Since breaking through with the international hit single Loser in 1994, Beck has become known as one of the most creative and influential artists in alternative rock. His talent for jumping from one musical style to the next like a flea on steroids has sold millions of records, won dozens of awards, inspired rave reviews from critics, and won him legions of fans the world over. Here, we take a look back at the career of one of the most extraordinary talents of the last 30 years with our pick of the 10 best Beck songs of all time.
10. Sexx Laws
Kicking off our list of the ten best Beck songs of all time is this wacky, sassy stream of consciousness from the 1999 album Midnight Vultures. It’s hard to argue with a song with lyrics like “Neptune’s lips taste like fermented wine / Perfumed blokes on the Ginza line,” which probably explains why NME voted Sexx Laws one of ‘The 500 Greatest Songs of All Time’ back in 2014. Released as the lead single from the album in October 1999, it hit number 21 on the US Modern Rock Tracks Chart and number 27 on the UK Singles Chart.
9. Que Onda Guero
In 2005, Beck released his highest-charting album to date, Guero, which debuted at number 2 on the US Billboard 200, number 15 on the UK Albums Chart, and in the top 40 in various other countries. From the summery pop of Girl to the infectious bossa nova of Missing, the entire album is a delight, showcasing the same explosive blend of beats, riffs, and samples that made Odelay such a sonic mind melt. One of its standout tracks is Que Onda Guero, a delicious slice of Chicano funk that finds Beck cruising around a Latino neighborhood spouting forth about mango ladies and rancheras on cheap guitars.
Odelay, Beck’s fifth studio album, has been widely (and rightly) praised) as one of the greatest albums of all time. Its dizzying array of styles, samples, and influences has helped it sell over 2.3 million copies in the US alone, making it Beck’s biggest selling album to date. The joyously catchy Sissyneck is one of its many highlights. Released as a single from the album in June 1997, it took Beck to No. 30 on the UK Singles Chart.
7. Nobody’s Fault But My Own
As Stereogum says, if you strip away all the bells and whistles from Nobody’s Fault But My Own, what you’re left with is a pretty good Oasis song. But those bells and whistles, synthesizers and sitars are there for a reason, helping to create one of the best pieces of psychedelia in Beck’s catalog. An introspective, beautifully wistful gem, it’s an undisputed highlight of the 1998 album Mutations.
6. Lonesome Tears
Of all Beck’s albums, Sea Change has the most heartfelt songs about heartbreak and regret per square inch. One of the most devasting is Lonesome Tears, a song whose thick layers of desolation, solitude, and loneliness are amplified by the soaring orchestral arrangements provided by Beck’s father, David Campbell. It might be a world away from the ‘two turntables and a microphone’ Beck many listeners are most familiar with, but that doesn’t make it any the less compelling.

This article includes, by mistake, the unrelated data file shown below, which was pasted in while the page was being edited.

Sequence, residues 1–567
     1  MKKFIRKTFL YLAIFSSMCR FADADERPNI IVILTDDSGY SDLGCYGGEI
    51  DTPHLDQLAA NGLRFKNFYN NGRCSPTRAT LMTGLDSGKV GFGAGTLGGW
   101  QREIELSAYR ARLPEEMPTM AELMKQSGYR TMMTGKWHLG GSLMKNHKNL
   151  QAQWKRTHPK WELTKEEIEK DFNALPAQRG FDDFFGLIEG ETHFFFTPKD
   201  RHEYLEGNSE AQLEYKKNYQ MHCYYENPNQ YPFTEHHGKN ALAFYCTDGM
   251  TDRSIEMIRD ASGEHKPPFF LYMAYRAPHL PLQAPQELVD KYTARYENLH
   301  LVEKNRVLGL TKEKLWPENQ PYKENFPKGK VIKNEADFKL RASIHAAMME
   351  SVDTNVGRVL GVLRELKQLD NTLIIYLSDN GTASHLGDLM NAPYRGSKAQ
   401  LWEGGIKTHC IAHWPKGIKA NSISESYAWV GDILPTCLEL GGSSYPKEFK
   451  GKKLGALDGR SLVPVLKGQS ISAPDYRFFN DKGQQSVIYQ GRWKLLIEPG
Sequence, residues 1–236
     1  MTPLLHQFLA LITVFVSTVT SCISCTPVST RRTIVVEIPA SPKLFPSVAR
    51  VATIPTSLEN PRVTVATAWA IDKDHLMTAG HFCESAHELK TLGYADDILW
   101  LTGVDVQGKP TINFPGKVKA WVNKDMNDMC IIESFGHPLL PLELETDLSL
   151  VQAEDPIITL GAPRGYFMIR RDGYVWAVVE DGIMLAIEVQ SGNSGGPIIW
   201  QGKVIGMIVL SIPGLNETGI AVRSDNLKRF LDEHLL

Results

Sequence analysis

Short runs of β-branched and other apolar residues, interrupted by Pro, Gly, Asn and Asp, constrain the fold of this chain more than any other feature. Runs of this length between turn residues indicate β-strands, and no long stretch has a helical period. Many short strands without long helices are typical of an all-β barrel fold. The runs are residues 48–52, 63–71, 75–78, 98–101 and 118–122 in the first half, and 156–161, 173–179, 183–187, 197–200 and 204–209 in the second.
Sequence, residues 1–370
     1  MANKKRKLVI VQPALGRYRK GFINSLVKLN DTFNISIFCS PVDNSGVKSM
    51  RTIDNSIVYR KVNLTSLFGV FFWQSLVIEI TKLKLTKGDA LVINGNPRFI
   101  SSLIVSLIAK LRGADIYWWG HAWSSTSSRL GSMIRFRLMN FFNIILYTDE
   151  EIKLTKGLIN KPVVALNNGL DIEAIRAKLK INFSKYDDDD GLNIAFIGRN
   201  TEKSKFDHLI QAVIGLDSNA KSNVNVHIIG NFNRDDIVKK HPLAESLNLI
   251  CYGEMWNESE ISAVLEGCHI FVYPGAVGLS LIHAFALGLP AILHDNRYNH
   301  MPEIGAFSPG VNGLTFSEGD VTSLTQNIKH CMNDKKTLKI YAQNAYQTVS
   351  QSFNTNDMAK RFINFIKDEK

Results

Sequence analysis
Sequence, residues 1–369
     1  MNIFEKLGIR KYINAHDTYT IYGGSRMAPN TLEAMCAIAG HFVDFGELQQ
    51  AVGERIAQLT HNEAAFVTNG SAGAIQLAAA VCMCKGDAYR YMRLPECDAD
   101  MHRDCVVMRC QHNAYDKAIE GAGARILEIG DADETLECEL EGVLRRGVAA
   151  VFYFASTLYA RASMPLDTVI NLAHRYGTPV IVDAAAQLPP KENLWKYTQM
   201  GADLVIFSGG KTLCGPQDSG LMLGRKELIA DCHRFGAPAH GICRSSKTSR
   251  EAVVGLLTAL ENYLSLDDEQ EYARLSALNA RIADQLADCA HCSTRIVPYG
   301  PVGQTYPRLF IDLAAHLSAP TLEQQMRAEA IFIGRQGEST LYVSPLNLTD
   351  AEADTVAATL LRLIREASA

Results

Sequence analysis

5. Guess I’m Doing Fine
Another standout track from Sea Chance, Guess I’m Doing Fine is a mopey masterpiece, with Beck reflecting on his breakup with fiancée Leigh Limon with enough bitter humor and hollow optimism to inject an almost unbearable level of desperation into the song’s narrative of loss and regret. A devasting, utterly compelling triumph.
4. The New Pollution
Propelled by a ’60s grove, a cacophony of organ, sax, and flute blasts, and lyrics like “She’s got a carburettor tied to the moon/ Pink eyes looking to the food of the ages,” The New Pollution is one of the most exhilarating, buoyant love songs ever committed to tape – and certainly one that could only have come from one of music’s strangest and most brilliant minds. Released as a single from Odelay, it reached number 9 on the Alternative Airplay chart and number 78 on the Billboard Hot 100.
3. Where It’s At
As the Guardian says, Beck’s brand of geeky white hip-hop reached its zenith on this breezy tune from Odelay. With swagger for days, a gorgeously languid guitar riff, and enough samples to fill a record store, this riot of distorted melodies and unforgettable chants left no one with any choice but to accept Beck’s invitation to join him at a “destination a little up the road.”
Of all the excellent songs on Midnight Vultures, the Prince-esque Debra has a good claim to being the best. Beck had originally intended to record it for Odelay, but decided its tongue-in-cheek humor was too much for the album. Regardless, he carried on playing it live shows, later saying “it became the centerpiece of the whole set. It was the song that people would react to more than the songs that they’d heard on the radio. So we kept playing it and playing it.” By the time he finally got around to recording it for 1999’s Midnight Vultures, it had been honed to perfection.
In at number one on our list of the ten best Beck songs of all time is the song that put Beck on the map. Originally released in March 1993 and reissued the following year after Beck signed with the Geffen Records-subsidiary DGC Records, Loser gave us the quintessential slacker anthem, a self-mocking, sardonically defiant masterpiece that took Beck to number 10 on the Billboard Hot 100 and the top 20 across other various countries.